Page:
Now, the money and activists and NGOs are in full swing helping laws pass state-by-state citing abortion law irregularities and the (alleged) danger that the entire enterprise will be banned. There's no more Roe to shelter behind, it has to be debated in the open and persuade voters to show up and vote on that side. I think it's also obvious that the pro-life side was strategically unprepared to temper its message for workable compromise positions in each state. I wrote more on that in this post: https://www.mmo-champion.com/threads...1#post54344775

    Quote Originally Posted by DarkTZeratul View Post
    So you don't actually understand Roe v. Wade at all, then. They didn't decide that the constitution had a lot to say about abortion. They actually didn't decide it had anything to say about abortion. What they decided is that the constitution guaranteed a right to privacy, and that whether or not people were having abortions fell under that right.

    In fact, invalidating Roe in its entirety is potentially a crushing blow to the notion that the constitution guarantees a right to privacy, but it's funny how you don't seem at all concerned about that part of the ruling, or how Justice Thomas openly advocated for it possibly leading to the overturning of Obergefell v. Hodges or Loving v. Virginia.
    The three-trimester scheme being found in some right to privacy was always absurd. And I don't fault you for immediately pivoting to Obergefell or Loving: Roe is hard to defend. Even the liberal-revered Ginsburg had to say it "halted a political process that was moving in a reform direction and thereby, I believed, prolonged divisiveness and deferred stable settlement of the issue" and disagreed with it. The Court can value the convenience of a pregnant mother more than the continued existence and development of the life or potential life, as the Democratic-nominated Justice White wrote, but there was never any right to impose such priorities on the people or legislatures. Not in some right of privacy, or only subject to a compelling state interest standard, or any of it.

    Quote Originally Posted by Gestopft View Post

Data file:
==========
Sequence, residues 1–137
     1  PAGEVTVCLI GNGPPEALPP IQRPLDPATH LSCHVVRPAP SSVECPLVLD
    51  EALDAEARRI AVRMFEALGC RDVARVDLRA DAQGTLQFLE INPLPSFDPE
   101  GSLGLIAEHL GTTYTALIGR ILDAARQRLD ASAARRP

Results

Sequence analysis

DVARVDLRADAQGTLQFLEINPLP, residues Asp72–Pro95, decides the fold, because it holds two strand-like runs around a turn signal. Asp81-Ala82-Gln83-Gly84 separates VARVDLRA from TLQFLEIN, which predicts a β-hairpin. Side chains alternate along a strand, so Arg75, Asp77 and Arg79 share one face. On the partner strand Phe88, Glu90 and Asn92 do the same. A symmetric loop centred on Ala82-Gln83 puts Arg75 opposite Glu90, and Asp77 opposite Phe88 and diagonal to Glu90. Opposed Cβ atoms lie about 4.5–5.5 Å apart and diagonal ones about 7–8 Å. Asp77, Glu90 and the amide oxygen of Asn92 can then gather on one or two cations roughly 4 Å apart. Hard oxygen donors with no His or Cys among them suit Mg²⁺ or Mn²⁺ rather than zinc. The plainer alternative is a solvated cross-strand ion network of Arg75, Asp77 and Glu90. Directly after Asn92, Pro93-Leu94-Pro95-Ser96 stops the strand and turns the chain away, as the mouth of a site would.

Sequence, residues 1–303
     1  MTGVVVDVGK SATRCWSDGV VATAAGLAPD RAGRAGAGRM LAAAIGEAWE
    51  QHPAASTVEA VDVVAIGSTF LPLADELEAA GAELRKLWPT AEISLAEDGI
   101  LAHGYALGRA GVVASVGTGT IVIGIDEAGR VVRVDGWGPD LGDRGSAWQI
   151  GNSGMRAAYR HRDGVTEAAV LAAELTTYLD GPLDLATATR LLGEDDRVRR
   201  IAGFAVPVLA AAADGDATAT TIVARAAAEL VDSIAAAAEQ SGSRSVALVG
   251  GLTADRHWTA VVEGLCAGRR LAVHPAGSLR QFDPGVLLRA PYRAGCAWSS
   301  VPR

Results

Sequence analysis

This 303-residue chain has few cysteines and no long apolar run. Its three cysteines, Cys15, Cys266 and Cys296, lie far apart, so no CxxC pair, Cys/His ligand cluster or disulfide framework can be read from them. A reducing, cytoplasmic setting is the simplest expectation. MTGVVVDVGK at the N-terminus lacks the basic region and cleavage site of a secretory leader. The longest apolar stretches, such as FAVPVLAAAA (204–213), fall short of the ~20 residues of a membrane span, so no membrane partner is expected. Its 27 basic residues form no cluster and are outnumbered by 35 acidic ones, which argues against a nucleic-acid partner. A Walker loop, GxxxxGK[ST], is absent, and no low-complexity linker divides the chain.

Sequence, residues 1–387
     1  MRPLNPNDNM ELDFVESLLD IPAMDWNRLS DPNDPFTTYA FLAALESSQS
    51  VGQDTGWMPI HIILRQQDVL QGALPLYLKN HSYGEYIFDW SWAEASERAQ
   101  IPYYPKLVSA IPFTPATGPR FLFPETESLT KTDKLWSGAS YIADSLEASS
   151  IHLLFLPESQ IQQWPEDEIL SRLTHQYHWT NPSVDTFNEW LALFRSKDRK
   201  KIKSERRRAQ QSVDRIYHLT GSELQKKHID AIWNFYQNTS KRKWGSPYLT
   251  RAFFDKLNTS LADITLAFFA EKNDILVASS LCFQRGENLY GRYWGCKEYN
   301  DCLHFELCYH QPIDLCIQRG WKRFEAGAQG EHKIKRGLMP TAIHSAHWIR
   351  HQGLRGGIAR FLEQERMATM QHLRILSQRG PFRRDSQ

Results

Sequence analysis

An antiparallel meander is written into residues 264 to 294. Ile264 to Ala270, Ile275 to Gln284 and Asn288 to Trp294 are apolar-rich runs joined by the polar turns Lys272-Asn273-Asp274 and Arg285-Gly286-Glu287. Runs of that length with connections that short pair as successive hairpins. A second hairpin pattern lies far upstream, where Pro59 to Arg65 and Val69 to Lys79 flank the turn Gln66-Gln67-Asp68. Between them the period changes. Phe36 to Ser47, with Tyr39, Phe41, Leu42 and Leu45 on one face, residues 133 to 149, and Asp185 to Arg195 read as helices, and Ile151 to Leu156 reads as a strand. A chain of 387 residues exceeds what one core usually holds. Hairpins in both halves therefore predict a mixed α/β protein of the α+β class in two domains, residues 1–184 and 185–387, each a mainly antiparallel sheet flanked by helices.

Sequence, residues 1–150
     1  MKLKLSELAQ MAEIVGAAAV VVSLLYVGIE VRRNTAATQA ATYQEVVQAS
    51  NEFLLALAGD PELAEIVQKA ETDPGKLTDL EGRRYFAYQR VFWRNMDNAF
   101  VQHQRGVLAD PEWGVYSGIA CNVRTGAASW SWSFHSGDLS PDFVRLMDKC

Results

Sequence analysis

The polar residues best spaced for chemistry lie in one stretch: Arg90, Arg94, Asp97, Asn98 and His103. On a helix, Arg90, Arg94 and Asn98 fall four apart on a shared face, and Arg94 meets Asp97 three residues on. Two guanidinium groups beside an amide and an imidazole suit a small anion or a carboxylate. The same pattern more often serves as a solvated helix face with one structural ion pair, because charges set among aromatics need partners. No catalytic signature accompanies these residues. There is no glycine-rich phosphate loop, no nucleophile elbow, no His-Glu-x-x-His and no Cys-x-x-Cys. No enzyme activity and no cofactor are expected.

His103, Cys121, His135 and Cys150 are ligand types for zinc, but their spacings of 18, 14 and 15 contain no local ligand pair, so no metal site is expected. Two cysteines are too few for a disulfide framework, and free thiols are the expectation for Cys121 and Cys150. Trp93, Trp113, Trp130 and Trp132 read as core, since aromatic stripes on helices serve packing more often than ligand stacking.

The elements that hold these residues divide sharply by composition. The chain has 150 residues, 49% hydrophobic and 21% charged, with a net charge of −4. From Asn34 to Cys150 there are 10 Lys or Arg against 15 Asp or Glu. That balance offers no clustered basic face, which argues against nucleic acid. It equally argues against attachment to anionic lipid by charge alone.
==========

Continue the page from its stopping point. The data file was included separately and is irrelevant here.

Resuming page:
You say "ill-composed" as though the notion that individual patients wouldn't have to test the legal system to see whether or not their particular condition was 'acceptable' or not was unforeseen by the legislators...
    I say ill-composed because it's obvious that some of these laws introduce vague standards that State AG and hospitals and doctors can't see the same way. I don't place in legislators some heightened knowledge of how the law would look vague to lawyers, and what added language would make things more airtight to challenges from the attorneys general, the people (private right of action), the pregnant mother, or the doctors and hospital org performing the abortion.

    As @Endus indicated, given the overall decline of religiosity in general, there is a significant part of the population that is currently non-religious yet was raised in a religious household and spent their childhood going to church and being fed theology. Heck, my dad went to seminary, not that one needs to have had a religious upbringing in order to criticize theology...
    I remarked upon the theology debate occurring between apostates or non-religious in this abortion thread. The juxtaposition caught my attention. For the larger point, I try to seek out people that really believe things because they personally think it's true, right, or just, instead of always asking (for example) a pro-life person who used to be pro-choice about what pro-choice people think. I'll also remark that religious discussion is specifically banned in thread rules, so I don't want to go further.